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CA Budget shortfall, what can Santa Cruz do?

California needs innovative solutions to resolve $35 billion shortfall
TO: California residents*

FROM: Paul Gessing, MPP legislative analyst

DATE: Thursday, Janury 2, 2003

SUBJECT: California needs innovative solutions to resolve
$35 billion shortfall; please see
www.mpp.org/CA/action.html

======================================================================

California is on the brink of a financial crisis; the state's fiscal woes have been chronicled in newspapers throughout the state and in a recent New York Times article. State officials say that the budget shortfall could total $35 billion over the next 18 months, and they are proposing deep reductions in education, health services, and other
critical programs in an attempt to stem the tide of red ink. The consensus is that there is no single solution to the problem, so every option will be explored.

There are a few simple marijuana policy reforms that California should implement right away that can help the state fill in its budget hole.

First, the state should eliminate jail time for marijuana offenses. Currently, possession of more than 28.5 grams of marijuana is punishable by up to six months in jail at taxpayer expense, cultivation of marijuana is punishable by up to 16 months in jail, and selling marijuana is punishable by up to four years in jail. Throwing nonviolent marijuana offenders in jail costs taxpayers money and contributes directly to the current deficit.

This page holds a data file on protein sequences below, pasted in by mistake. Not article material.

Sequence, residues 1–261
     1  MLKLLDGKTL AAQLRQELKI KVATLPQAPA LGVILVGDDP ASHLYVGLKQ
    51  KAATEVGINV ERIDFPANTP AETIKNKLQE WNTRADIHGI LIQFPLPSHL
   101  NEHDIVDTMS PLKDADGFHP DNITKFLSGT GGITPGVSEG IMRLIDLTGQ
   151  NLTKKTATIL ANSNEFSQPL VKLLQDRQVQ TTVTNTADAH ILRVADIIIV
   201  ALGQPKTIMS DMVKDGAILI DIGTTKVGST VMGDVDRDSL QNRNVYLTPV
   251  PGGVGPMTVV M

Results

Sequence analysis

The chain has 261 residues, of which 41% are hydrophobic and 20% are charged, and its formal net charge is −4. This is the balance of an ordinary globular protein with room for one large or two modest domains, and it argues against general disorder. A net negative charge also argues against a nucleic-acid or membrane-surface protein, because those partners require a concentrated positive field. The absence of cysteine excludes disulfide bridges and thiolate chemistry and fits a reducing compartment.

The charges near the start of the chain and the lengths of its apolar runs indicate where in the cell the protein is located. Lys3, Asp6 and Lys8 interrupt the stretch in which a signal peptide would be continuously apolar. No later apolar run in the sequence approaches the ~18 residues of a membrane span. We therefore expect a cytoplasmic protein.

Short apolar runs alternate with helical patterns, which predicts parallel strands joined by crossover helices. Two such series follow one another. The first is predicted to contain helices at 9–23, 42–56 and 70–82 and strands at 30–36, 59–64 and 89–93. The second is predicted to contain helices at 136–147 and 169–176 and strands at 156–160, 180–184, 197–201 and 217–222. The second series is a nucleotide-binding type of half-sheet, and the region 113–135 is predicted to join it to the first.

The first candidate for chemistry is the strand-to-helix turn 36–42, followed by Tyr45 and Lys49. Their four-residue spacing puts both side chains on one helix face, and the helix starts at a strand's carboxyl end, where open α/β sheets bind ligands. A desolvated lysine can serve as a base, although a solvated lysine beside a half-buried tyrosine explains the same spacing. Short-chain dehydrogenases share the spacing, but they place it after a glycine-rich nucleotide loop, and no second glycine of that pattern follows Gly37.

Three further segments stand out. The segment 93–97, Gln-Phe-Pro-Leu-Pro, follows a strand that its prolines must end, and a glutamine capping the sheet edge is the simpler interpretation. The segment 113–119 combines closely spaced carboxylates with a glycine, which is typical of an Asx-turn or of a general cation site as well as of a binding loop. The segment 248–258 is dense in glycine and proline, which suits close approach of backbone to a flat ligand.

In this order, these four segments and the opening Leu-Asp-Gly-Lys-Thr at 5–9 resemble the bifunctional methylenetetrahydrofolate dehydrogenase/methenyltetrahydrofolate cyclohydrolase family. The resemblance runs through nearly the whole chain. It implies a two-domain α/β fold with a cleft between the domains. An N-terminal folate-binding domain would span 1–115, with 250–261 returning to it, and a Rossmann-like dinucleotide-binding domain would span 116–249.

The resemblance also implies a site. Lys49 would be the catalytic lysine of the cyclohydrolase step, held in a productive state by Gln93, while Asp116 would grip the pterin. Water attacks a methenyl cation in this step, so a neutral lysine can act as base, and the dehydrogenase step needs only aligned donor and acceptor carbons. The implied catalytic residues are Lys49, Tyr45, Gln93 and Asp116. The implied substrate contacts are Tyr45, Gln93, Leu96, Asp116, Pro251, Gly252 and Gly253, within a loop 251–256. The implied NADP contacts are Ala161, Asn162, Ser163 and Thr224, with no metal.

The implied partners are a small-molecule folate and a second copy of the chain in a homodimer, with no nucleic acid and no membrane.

California could also remove marijuana testing as a condition of parole and probation to save additional funds. According to a study by the California Policy Research Center, these drug tests and the costs of administering the tests add up to $3 per day for each of the state's 600,000 parolees. California could save millions of dollars each year just by dismantling a parolee and probation testing system that most state officials admit does not work.

California legislators should ultimately move towards implementing a system that would regulate and tax marijuana. This alone could earn the state $4 billion per year in tax money, on top of decreased spending on incarceration and other marijuana law-enforcement expenses.**

Please urge your state legislators and Governor Davis to consider any or all of these options to close California's $35 billion budget gap. This time of crisis demands innovative and original ideas. It is time for California's elected officials to examine options beyond raising taxes and cutting social services when budget problems arise.

Please visit www.mpp.org/CA/action.html to send an e-mail to your state legislators and Governor Davis asking them to reform California's marijuana laws to solve the budget situation.
 
 


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